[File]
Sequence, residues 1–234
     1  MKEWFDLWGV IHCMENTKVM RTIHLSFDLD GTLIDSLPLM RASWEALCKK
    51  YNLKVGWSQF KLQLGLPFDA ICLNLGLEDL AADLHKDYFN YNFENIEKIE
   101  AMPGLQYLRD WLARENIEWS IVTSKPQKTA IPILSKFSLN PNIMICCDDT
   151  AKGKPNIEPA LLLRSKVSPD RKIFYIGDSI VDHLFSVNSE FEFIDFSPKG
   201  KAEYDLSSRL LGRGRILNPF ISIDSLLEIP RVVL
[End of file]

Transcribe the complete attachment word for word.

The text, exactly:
Sequence, residues 1–234
     1  MKEWFDLWGV IHCMENTKVM RTIHLSFDLD GTLIDSLPLM RASWEALCKK
    51  YNLKVGWSQF KLQLGLPFDA ICLNLGLEDL AADLHKDYFN YNFENIEKIE
   101  AMPGLQYLRD WLARENIEWS IVTSKPQKTA IPILSKFSLN PNIMICCDDT
   151  AKGKPNIEPA LLLRSKVSPD RKIFYIGDSI VDHLFSVNSE FEFIDFSPKG
   201  KAEYDLSSRL LGRGRILNPF ISIDSLLEIP RVVL